By Joe Hadsall
Globe Features Editor
JOPLIN, Mo. —
Milton Dupard was born to be a lefty.
The Joplin man’s right arm has never been very strong. When he meets people, he uses his left hand for the handshake. Though he doesn’t wear a cast or bind it to his body, his right arm is still and immobile -- a condition of an accident during childbirth and another accident underneath a truck as a teenager.
He always found a way to keep working, however. Dupard, 35, has worked shifts at Cardinal Scale in Webb City and Able Manufacturing in Joplin.
Now, he has work of a different type. Dupard is a job developer for Alternative Opportunities Employment Services’ Joplin office. He meets with employers and works to find clients jobs that match their particular set of skills.
“We work one-on-one with individuals,” Dupard said.
He knows firsthand about what it’s like to go through vocational rehabilitation. Before Dupard started working for Alternative Opportunities, he was a client.
Dupard grew up in Convent, La., where he lived for most of his life. It was there that his right arm was first injured. During childbirth, Dupard was delivered sideways, and his right arm was broken in the delivery.
Though it healed, the arm was never at 100 percent, Dupard said. But an injury as a teenager re-injured his arm significantly.
“I was working underneath a semi,” Dupard said. “It ran over my arm, which got broken pretty bad.”
From Convent, he signed up with a job corps in Arkansas, then moved to Joplin in 1996.
His disabled arm never kept him from working, either. His first job was with Able Manufacturing, building jet skis. He also worked for five years with the former Gulf States Paper and at Cardinal Scales for three years.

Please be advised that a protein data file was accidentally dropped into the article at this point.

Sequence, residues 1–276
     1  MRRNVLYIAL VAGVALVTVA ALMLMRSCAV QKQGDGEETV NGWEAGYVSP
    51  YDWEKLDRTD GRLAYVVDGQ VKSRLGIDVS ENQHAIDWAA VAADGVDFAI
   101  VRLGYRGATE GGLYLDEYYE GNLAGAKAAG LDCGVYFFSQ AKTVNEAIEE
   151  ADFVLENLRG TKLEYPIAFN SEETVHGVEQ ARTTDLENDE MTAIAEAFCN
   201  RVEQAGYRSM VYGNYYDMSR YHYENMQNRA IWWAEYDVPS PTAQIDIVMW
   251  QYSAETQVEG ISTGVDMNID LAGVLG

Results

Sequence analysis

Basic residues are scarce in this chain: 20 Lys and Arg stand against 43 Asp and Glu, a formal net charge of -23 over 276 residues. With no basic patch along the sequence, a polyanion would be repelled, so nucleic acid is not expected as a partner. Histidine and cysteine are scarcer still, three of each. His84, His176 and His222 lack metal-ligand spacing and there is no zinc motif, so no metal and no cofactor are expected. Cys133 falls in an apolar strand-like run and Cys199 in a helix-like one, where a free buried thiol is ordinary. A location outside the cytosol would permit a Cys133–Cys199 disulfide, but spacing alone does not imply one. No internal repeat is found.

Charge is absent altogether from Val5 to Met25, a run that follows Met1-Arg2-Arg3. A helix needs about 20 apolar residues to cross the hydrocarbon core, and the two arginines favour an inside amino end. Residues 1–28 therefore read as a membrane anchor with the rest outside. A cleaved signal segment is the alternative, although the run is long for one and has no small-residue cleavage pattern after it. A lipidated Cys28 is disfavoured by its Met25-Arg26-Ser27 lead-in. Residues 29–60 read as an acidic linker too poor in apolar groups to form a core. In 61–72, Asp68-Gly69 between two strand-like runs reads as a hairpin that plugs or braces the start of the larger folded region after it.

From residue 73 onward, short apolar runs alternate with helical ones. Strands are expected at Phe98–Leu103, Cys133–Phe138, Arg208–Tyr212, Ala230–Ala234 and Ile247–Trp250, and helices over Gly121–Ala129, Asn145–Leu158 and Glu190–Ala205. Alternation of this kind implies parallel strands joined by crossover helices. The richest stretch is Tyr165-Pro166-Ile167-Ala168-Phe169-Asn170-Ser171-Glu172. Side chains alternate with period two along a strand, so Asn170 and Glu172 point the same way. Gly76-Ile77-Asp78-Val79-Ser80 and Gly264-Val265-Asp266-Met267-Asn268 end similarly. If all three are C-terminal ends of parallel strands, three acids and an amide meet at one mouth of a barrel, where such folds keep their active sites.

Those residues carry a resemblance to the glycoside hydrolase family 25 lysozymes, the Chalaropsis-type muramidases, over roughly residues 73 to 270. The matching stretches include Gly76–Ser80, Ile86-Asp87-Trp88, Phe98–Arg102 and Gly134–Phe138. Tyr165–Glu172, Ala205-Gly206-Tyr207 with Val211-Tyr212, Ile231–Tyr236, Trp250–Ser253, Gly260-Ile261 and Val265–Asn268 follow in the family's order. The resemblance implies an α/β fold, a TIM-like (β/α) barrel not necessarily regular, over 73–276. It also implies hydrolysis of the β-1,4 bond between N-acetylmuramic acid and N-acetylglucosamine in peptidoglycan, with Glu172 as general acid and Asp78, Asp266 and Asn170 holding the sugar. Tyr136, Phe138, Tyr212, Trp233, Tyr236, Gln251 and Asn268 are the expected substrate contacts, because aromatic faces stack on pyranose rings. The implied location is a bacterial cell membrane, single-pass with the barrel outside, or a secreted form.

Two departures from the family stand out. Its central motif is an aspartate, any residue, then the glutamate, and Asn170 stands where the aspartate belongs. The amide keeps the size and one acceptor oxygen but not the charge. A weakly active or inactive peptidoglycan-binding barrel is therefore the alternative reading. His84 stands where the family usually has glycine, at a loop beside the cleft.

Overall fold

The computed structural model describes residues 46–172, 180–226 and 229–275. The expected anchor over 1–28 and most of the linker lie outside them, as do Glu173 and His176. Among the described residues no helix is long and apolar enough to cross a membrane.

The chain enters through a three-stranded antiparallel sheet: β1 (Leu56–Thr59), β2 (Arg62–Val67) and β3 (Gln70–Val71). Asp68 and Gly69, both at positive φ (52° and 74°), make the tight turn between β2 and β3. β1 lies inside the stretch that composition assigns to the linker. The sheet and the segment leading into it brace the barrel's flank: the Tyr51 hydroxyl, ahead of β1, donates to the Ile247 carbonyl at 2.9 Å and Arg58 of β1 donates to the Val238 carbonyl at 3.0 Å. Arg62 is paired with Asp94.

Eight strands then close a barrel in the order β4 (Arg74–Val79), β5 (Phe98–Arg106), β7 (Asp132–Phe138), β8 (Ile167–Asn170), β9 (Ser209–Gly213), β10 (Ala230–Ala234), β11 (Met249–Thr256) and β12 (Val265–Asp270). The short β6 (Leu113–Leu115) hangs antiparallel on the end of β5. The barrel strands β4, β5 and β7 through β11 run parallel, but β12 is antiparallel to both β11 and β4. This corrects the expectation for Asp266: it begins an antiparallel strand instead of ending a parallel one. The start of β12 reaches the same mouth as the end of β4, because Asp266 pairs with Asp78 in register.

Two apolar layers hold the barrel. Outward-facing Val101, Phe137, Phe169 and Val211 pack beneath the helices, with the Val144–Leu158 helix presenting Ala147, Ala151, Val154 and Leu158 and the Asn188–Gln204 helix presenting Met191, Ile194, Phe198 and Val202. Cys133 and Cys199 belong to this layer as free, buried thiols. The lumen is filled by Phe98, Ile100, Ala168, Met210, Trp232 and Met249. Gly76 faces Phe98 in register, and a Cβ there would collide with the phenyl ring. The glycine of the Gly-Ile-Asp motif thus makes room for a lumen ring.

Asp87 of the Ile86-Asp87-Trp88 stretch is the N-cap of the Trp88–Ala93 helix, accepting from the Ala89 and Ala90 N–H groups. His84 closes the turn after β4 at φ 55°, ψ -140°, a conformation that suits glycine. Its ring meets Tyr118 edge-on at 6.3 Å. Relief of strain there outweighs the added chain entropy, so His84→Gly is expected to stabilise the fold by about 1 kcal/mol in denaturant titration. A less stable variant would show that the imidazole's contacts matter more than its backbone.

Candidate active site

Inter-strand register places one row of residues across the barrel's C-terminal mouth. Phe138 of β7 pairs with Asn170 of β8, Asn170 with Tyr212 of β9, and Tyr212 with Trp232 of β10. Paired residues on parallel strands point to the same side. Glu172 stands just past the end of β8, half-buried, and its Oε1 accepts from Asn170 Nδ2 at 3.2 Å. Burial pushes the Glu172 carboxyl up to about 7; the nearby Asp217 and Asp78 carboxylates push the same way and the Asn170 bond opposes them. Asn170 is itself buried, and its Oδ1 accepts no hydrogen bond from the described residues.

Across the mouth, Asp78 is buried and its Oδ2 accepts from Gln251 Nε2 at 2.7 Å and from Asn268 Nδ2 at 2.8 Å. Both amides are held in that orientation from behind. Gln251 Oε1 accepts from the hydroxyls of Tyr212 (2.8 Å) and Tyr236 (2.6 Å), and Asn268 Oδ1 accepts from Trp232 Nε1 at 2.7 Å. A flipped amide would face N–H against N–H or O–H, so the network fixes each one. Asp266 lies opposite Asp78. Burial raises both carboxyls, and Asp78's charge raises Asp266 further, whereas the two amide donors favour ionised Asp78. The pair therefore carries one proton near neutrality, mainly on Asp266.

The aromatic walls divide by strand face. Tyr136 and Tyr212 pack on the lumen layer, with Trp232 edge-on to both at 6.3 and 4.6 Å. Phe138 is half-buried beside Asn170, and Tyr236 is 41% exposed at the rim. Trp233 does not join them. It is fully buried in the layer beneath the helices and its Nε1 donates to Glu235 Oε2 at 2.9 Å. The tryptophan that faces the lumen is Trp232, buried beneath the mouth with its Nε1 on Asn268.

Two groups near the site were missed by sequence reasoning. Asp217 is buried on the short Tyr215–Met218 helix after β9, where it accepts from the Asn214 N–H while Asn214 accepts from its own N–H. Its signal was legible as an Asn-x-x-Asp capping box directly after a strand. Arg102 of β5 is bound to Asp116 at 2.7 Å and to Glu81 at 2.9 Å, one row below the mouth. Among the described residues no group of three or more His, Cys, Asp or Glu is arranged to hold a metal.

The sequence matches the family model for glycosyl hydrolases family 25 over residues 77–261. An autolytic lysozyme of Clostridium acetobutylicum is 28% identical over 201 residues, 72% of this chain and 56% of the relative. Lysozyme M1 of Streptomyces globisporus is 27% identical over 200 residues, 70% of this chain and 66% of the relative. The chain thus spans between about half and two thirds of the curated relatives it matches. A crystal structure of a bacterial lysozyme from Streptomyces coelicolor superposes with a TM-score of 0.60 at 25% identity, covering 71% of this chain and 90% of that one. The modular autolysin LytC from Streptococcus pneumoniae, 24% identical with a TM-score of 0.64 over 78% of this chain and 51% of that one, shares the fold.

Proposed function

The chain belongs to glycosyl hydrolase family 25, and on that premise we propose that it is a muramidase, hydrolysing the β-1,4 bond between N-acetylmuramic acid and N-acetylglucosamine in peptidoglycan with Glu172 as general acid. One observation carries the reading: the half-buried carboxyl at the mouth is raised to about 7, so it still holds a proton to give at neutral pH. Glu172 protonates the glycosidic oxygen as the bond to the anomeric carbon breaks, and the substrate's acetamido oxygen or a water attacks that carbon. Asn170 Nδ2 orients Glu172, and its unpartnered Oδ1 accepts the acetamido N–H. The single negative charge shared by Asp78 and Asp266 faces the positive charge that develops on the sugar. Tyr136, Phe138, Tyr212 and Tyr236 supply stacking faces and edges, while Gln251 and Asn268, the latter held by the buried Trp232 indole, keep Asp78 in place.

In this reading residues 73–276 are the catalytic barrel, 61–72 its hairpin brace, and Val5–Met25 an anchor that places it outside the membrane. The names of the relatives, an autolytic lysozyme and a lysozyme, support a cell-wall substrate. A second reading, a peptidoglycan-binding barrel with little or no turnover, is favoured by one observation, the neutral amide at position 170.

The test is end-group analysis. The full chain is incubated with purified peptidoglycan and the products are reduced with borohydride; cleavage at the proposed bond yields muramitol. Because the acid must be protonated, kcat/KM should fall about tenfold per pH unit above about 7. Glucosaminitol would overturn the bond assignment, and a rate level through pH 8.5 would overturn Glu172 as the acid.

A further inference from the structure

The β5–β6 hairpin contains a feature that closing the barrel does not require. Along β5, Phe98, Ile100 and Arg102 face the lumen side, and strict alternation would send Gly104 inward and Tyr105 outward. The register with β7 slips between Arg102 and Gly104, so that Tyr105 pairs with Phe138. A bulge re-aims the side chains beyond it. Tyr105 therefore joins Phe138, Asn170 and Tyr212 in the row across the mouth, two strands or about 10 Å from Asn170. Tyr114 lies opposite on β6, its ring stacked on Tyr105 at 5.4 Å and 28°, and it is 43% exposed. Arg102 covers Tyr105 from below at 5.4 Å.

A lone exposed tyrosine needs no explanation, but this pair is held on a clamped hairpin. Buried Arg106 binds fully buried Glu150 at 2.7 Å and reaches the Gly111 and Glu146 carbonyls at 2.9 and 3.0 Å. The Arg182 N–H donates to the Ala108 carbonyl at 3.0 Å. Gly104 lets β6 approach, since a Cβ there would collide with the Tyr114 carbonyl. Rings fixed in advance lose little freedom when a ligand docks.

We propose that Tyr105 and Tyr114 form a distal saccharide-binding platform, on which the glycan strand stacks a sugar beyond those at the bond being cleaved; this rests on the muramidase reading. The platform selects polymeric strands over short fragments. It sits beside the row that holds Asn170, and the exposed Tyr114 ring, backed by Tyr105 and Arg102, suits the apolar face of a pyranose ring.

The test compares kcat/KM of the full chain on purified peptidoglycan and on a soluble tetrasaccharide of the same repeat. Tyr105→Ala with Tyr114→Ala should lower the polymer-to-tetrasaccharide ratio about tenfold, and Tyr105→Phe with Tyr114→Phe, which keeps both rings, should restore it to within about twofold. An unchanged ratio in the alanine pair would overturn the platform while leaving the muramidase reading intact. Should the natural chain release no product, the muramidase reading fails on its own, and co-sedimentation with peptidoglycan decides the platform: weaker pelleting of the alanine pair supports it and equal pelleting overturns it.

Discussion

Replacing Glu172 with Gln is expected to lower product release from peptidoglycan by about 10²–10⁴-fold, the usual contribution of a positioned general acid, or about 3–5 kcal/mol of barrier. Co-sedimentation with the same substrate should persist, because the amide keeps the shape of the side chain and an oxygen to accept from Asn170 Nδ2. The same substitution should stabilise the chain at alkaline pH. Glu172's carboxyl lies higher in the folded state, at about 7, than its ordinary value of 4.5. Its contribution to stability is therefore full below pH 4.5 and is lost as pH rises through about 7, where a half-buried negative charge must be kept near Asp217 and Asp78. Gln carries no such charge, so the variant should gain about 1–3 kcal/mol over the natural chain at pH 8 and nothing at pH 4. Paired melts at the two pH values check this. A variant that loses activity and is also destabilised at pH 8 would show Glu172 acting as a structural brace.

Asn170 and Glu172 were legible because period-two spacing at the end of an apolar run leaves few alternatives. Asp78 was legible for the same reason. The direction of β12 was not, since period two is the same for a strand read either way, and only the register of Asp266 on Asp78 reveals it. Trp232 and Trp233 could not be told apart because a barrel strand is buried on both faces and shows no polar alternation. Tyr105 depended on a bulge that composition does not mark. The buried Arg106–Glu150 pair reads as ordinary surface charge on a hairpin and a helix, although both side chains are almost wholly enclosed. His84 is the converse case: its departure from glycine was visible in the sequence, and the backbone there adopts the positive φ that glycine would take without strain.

“It was almost like how a person who can’t hear well develops other senses,” Dupard said of his working experiences. “I always had a way to deal with my limitations. I could figure a way around things a little bit.”
He enjoyed each of those jobs and spoke highly of all three employers. The only thing that ruined his experience were little injuries that seemed to cause more damage than they should.
Near the end of his career at Cardinal, a small cut led to the development of the staph infection known as MRSA, a resulting hospitalization and being out of work.
While fighting the illness, Dupard’s doctor asked if him he’d ever consider a new line of work.
“He said I should look into vocational rehab,” Dupard said. “He said, ‘Why don’t you find something not as physical? You’ve proven you can do the work, but you should find something more accommodating to your health.’”
For many people, work is a source of personal identity and pride, and Dupard was no different. The thought of not working and undergoing vocational rehab was nerve-racking, he said.
Yet, he took the plunge. He and his fiancee of four years turned down an offer to return to Cardinal and trained for the next phase of his career, while continuing to fight the MRSA infection.
“I was out of work probably four or five months,” Dupard said. “The main problem was the MRSA. That stuff was hard to shake. It took a month or two to get where it finally went away.
“Cardinal even gave me the opportunity; if I wanted to come back, I was more than welcome. But for some reason, I knew I wasn’t gonna go back. I focused on school.”